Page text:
NOAA, Which Has Spent Millions on Yachts, Trips and Cars, Will Cut Money for Tsunami Preparedness

NOAA could trim $4.6 million from tsunami warning system in its 2013 budget.

The White House has proposed cutting $4.6 million from the tsunami warning system operated by the National Oceanic and Atmospheric Administration, according to this story in the San Jose Mercury News.

However, NOAA said the cuts won't sacrifice public safety because the system is still in place and may just longer to fix.

The federal agency, which oversees enforcement of regulations on the Monterey Bay, has been under heavy fire nationwide for its spending practices, including a $100 million asset forfeiture fund built from fines to fisherman, boaters and surfers.

In a Dan Rather report called "Something Fishy," the journalist uncovered expenditures by the agency for boats, cars and trips to foreign countries for NOAA agents, lawyers and a judge who adjudicated their cases.

Last week Massachussetts Senator Scott Brown blasted the agency for using $300,787 for a boat used for "booze cruises" in the Pacific Northwest, according to this article in South Coast Today.com

"What does it take to get fired from NOAA?" Brown said to the Senate, as quoted in the article. He listed controversies at the agency including its shredding of documents during an investigation into the agency. Brown called it a "shredding party."

In documents the senator found through the Freedom of Information Act, there were reports that what was supposedly an undercover vessel was used for parties and by an agent to bring his family to a seaside restaurant and board a whale watching cruise.

The report of one agents use of the boat, as quoted by South Coast Today said: "(Name redacted) violated agency policy and ethical standards by operating the UC (undercover) vessel with his wife and/or friends aboard on at least three occasions in the summer of 2008, each of which involved dockside restaurant destinations during the work week."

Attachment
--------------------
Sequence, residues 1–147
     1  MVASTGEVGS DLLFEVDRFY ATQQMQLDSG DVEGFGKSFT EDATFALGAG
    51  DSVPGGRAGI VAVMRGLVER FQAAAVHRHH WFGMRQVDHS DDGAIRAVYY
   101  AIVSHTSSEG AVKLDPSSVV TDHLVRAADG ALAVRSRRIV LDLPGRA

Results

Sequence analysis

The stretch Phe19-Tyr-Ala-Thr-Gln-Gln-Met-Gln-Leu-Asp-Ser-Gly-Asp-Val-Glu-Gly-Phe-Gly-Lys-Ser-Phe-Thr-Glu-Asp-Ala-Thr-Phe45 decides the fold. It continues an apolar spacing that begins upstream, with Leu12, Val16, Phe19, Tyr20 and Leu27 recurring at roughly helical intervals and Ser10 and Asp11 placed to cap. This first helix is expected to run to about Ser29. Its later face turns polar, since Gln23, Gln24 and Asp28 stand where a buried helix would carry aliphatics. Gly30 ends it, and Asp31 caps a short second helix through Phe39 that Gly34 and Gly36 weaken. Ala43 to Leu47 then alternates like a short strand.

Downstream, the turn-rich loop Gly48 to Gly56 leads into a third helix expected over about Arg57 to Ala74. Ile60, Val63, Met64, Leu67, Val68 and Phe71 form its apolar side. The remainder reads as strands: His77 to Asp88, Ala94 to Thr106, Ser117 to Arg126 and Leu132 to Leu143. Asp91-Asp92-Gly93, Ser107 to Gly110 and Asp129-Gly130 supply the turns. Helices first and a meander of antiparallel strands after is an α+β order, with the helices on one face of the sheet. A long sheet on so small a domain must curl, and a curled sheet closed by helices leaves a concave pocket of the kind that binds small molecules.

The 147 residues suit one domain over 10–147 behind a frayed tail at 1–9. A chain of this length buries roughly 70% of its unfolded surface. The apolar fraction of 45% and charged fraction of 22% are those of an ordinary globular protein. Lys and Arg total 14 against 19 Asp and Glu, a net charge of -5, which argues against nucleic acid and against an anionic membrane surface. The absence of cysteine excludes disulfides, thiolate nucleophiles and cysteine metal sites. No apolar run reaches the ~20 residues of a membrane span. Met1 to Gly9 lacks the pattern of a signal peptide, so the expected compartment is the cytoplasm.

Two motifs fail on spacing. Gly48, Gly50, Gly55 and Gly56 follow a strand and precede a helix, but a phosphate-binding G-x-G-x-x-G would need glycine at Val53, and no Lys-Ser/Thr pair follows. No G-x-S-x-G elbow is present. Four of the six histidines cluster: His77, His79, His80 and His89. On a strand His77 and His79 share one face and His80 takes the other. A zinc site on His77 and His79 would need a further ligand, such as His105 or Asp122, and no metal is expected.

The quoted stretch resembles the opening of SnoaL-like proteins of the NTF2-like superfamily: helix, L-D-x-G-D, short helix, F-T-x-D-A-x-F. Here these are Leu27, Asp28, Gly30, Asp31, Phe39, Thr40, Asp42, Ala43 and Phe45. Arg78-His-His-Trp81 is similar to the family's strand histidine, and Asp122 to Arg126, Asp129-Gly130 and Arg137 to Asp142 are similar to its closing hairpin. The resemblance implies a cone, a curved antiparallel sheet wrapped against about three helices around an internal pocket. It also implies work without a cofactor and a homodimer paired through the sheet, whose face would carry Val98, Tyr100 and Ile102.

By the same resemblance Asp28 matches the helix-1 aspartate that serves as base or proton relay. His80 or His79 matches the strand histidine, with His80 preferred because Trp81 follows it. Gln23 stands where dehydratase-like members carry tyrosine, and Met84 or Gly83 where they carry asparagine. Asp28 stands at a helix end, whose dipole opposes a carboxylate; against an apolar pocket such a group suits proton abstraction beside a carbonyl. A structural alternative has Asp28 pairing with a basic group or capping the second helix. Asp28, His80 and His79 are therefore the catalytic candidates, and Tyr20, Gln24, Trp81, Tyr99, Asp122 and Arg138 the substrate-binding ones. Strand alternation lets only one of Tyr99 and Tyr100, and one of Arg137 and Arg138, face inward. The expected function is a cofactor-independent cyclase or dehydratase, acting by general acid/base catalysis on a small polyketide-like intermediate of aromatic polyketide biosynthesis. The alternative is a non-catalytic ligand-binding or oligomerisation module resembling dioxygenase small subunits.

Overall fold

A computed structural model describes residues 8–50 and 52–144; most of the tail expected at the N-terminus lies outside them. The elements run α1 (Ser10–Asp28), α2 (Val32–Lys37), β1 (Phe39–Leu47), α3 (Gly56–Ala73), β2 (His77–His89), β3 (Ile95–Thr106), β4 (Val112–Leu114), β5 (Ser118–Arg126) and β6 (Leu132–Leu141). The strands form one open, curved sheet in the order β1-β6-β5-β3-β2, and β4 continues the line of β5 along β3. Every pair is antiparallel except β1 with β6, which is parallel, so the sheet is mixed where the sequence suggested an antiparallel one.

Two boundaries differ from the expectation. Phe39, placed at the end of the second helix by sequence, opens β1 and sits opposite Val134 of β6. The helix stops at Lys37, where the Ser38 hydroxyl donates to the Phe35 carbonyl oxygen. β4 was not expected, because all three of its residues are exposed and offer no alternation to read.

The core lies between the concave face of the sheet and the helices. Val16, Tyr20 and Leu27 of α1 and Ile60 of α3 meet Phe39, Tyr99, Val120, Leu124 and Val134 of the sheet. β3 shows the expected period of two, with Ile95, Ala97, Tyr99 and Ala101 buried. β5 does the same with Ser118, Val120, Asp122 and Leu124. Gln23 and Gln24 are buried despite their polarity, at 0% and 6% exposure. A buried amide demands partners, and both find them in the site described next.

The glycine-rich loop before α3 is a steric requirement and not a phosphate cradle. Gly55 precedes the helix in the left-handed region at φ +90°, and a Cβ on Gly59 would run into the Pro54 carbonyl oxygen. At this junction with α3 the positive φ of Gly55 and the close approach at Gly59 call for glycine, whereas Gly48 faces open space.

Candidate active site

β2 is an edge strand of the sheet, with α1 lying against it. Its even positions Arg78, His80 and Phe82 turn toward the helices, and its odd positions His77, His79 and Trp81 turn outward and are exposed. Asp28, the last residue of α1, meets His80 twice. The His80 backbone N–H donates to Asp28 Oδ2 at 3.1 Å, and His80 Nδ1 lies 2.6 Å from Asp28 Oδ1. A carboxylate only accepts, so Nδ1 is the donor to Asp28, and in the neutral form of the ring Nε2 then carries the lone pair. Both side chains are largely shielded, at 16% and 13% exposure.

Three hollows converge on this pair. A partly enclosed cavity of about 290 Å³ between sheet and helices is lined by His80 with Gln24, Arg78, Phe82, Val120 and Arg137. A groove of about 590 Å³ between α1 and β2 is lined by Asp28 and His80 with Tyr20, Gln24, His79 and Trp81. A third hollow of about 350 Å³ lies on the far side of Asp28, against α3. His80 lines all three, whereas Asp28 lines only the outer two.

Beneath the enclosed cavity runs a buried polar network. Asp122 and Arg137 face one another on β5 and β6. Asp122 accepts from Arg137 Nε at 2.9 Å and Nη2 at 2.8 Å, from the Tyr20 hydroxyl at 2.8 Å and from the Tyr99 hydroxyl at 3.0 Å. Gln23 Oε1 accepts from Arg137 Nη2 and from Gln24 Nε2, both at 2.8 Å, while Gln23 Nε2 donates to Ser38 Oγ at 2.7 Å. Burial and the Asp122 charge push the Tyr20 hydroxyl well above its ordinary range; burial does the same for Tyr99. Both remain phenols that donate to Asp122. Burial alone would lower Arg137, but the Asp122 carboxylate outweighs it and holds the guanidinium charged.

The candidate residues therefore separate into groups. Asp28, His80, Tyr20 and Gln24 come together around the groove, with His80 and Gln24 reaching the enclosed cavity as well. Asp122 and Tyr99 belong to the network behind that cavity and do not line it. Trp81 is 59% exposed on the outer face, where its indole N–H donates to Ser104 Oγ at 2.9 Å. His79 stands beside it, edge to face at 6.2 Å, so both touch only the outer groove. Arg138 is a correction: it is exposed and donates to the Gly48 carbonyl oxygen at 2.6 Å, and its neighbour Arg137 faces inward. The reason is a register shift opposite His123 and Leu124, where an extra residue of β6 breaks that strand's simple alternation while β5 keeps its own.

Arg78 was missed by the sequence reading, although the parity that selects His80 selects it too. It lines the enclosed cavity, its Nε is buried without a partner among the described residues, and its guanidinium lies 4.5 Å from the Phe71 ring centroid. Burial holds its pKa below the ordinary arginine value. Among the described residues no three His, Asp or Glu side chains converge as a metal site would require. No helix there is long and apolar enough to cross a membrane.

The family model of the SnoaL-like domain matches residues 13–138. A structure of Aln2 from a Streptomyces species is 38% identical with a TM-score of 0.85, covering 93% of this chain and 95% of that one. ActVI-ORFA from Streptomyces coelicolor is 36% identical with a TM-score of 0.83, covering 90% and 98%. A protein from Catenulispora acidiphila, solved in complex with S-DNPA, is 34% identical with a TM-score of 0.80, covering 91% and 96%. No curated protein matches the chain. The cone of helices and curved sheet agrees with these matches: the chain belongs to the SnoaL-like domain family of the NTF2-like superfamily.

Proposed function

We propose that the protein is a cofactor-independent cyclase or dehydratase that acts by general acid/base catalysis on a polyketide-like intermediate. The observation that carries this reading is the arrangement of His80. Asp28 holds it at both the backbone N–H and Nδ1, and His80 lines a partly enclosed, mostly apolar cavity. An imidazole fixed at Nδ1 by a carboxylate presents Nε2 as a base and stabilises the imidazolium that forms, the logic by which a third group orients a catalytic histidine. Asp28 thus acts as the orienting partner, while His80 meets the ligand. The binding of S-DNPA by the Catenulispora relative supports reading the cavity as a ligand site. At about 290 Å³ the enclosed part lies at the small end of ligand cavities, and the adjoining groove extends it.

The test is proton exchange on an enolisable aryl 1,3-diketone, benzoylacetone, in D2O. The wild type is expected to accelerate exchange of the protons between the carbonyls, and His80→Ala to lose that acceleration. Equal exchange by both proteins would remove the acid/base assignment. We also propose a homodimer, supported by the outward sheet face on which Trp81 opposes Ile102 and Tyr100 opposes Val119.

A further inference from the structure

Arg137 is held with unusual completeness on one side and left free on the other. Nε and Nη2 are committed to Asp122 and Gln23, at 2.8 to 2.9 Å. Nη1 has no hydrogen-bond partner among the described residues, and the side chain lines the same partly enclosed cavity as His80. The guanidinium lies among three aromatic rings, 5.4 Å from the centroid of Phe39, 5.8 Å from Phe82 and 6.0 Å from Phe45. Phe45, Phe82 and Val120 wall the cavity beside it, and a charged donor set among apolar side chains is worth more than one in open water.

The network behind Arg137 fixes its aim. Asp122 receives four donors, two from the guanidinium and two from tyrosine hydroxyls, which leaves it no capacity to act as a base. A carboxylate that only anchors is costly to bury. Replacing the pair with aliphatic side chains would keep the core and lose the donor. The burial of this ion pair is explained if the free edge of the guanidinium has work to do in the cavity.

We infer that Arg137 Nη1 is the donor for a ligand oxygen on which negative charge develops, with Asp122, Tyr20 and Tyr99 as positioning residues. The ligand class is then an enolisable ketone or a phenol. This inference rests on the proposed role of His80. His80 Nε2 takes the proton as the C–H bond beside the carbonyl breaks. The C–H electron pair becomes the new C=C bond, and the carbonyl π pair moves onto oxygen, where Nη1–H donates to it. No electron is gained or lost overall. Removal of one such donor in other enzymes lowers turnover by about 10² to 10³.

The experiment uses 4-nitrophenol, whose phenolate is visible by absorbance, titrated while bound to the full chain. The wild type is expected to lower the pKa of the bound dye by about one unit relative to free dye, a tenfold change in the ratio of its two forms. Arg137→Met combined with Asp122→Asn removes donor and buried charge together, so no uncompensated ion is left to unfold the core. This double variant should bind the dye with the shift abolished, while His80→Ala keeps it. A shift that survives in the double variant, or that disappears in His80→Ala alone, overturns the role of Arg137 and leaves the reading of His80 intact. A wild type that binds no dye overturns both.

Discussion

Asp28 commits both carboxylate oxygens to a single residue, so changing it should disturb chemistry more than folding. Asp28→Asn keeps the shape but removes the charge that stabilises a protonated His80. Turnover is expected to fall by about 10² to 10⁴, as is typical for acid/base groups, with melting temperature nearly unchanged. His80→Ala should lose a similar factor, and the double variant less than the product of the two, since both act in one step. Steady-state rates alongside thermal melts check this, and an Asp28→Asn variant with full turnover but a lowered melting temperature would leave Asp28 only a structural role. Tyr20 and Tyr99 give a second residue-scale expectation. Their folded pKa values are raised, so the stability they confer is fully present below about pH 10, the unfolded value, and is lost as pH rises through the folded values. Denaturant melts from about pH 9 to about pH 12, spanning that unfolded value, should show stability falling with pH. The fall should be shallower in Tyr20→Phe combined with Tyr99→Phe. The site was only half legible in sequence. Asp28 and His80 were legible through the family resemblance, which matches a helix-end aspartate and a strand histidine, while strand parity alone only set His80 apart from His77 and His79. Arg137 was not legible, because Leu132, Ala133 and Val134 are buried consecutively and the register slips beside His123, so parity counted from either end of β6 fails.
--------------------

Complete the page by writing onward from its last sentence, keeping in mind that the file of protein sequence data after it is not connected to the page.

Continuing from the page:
NOAA has not disclosed what, if any, enforcement actions were taken against the agents who used the boat for personal pleasure.

The money for the boat came from fines against fisherman, which Brown said, were sometimes levied wrongly and sometimes put them out of business.

The Gloucestor Times newspaper said the pleasure boat incident should be the end for the leaders of the government agency.

Ohio Democratic Congressman Dennis Kucinich also blasted NOAA enforcement during Congressional hearings for its overuse of criminal investigators.

NOAA enforcement has been in local news for fining two surfers who used jet skis to tow out to big waves $500 and raising it to $2,500 when they fought it.  The fines, which are adjudicated by an in-house judge,

NOAA also spent thousands of dollars for a helicopter a "Of Men and Mavericks" in Half Moon Bay because they were using jet skis for lifeguards to do rescues during the big wave scenes in this movie about Santa Cruz surfer Jay Moriarity.

Star Gerald Butlerafter he was wiped out by a set of waves and hospitalized afterwards.

Michael A. Lewis February 28, 2012 at 10:40 PM
This article says nothing about tsunami preparedness. We did have a tsunami here, if you'll recall, almost a year ago. How will this budget cutback affect tsunami preparedness for the Santa Cruz Harbor? Why is this article about things that don't concern us?